I’ve always had an affinity for novel things: ideas, books, gadgets, etc. I chase interests hard. I’d buy things which would lose their novelty after a few months. I expertly crafted rationalizations for how I would make use of the new hobby or gadget to improve my life.
This craving for new experiences exposed me to many ideas and perspectives. It opened up new ways of thinking about problems I already thought a lot about. For example, I am fasinated with programming languages and their history. When I discovered functional programming, it changed how I thought about writing software.
As I get older, my free time gets eaten one slice at a time, and it’s becoming more precious. On top of that, there’s a cost to giving up these hobbies or interests when they lose their luster. When you look at that bag of golf clubs that you used four times, you feel bad. This is the sunk cost fallacy at work. You believe you should have gotten more use out of them and so you won’t get rid of them. Meanwhile, they collect dust in the corner. (This is a real anecdote by the way, I have that set of golf clubs and they sit in a corner of my living room, judging me. I intend to get rid of them, I swear.)
Quitting interests is draining, you feel like you’ve given up. In reality, it was a passing interest and it didn’t happen to stick. You got something out of the experience, however brief it was, even if it was to find out that it wasn’t for you. But, we shouldn’t avoid new experiences because they might not stick. They’ll bring new perspectives and ideas to the rest of life.
For example, I’m fascinated by woodworking. I’ve bought a couple of books and flipped through them. I own some basic woodworking tools, but I’ve never sat down and tried to do anything serious. While I’d love to, it doesn’t have enough overlap with other activities in my life to get priority.
On the other hand, I’ve recently gone back to Brazilian Jiu-Jitsu (BJJ). I have been doing some form of martial arts most of my life. It’s both a hobby and a form of exercise I enjoy. I’ve leaned into BJJ and invested in higher quality gear. I know that I’ll be doing this for the long haul.
Ok, so what to do?
In the last couple of years, I’ve thought a lot about honing my interests. I’ve tried to focus on how to prevent wasting money and time on things I’m only curious about. I’ve realized that there are couple of key factors in building sustainable interests.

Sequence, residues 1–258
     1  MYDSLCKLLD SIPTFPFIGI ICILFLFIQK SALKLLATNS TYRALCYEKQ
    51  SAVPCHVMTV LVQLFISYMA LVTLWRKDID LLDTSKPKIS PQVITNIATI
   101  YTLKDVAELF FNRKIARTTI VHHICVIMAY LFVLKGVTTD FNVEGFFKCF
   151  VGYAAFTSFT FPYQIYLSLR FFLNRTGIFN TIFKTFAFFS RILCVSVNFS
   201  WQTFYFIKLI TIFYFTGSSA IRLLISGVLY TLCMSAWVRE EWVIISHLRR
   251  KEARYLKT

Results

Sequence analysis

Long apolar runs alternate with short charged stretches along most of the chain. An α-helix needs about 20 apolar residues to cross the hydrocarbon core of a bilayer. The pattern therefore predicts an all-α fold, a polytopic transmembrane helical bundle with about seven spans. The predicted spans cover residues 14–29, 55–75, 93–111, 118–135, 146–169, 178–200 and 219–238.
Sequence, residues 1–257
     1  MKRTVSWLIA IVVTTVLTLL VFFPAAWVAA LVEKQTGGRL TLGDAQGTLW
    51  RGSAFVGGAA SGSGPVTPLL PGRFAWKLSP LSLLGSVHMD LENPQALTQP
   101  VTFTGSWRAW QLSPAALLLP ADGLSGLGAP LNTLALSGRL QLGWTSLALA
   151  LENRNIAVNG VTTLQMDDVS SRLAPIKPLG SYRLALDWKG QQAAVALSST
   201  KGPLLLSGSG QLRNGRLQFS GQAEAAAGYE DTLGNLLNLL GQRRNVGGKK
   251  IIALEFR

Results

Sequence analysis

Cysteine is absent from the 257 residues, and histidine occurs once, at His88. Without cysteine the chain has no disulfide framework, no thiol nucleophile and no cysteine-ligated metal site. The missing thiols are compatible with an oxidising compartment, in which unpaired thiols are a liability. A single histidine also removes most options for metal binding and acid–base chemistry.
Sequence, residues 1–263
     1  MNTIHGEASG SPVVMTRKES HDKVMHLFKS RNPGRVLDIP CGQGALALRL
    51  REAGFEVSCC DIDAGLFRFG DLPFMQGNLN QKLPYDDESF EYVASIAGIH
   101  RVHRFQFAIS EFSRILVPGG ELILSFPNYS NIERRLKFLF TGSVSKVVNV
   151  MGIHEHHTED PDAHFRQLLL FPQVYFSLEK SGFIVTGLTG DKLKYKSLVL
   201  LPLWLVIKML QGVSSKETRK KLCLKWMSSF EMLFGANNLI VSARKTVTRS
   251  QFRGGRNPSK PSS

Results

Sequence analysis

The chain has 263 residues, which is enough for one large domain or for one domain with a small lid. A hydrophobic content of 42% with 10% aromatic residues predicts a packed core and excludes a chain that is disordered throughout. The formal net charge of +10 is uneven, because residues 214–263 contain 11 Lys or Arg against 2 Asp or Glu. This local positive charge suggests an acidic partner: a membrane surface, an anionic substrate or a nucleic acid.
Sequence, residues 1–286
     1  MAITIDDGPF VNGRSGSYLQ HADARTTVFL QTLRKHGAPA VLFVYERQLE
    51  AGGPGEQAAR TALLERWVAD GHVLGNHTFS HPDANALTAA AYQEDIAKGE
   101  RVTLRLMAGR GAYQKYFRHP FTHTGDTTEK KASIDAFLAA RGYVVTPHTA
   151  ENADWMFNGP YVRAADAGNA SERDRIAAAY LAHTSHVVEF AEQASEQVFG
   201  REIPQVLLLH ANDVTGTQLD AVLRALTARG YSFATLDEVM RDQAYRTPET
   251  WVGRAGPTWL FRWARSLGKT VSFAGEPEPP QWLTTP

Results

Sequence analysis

1. Is the new interest related to an existing interest?
Tie your new interest into a larger group of interests. It helps ground it to a solid foundation of existing habits for practicing that interest. In my case, BJJ dovetails into my existing interests because it’s a martial art and it’s exercise. I enjoy doing both and I would make time to do some form of exercise, so it may as well be BJJ.
2. What’s the friction to investing in the interest?
If your new interest is surfing and you live in Colorado, you’ve got a problem. You either need to move to a coastal area or you need to find a new hobby. That’s a contrived example, but the point stands. A more anecdotal example is the woodworking story above. I am interested and I can do it. I could even try and make space for it or rent space in a larger workspace. All these are barriers and they increase the activation energy required to invest in it. At the end of the day, I decided this was all too high cost if I didn’t have ample free time for it.
3. Did the interest pass the 2 week test?
When I was a kid, we weren’t rich but we also weren’t poor. I had some nice toys but my parents worked hard so that they could send me to private school. My school had its fair share of rich kids and I was always chasing whatever the new toy was. My mom, infuriatingly, used to make me wait two weeks before I bought whatever the new toy was with my allowance. If in two weeks, the novelty hadn’t faded then I could go and buy that toy. Often times though, the novelty had faded.
In my hobbies and interests now, I use a similar test. Because I’m a dinosaur, my workflow revolves around email. I use my email in box as a way to track quick reminders or thoughts that I’ll file away into other programs. When I come across a new idea or book, I’ll shoot a quick email to myself with some context about the thing. I have a rule setup with my email that will put these emails into a To File folder that I triage every few weeks.
I probably send about 10 emails a week to myself. When I went to prune it today, I found that I had around 50 emails in there. At the end of pruning, I had:
- thrown out about 20
- filed away 5 for further investigation (e.g. articles of interest sent to DEVONthink, books saved in GoodReads)
- left the remaining 25 for review at a later date
This system has helped me prune out a lot of passing interests. If the idea is that interesting, I’ll still find it interesting in a week. If it isn’t, then it’s not worth pursuing.
Great, I’m convinced! Now what?
I mean, you do you. Don’t let me tell you how to live your best life.
I developed the three aforementioned techniques over the last couple of years. Utilizing them has helped me improve my focus. I’m still nowhere near proficient at it, but I’m better than I used to be. For example, I’m writing more which has always been a goal. I used to feel like there was never time but now I’ve eschewed other passing interests in favor of writing more.
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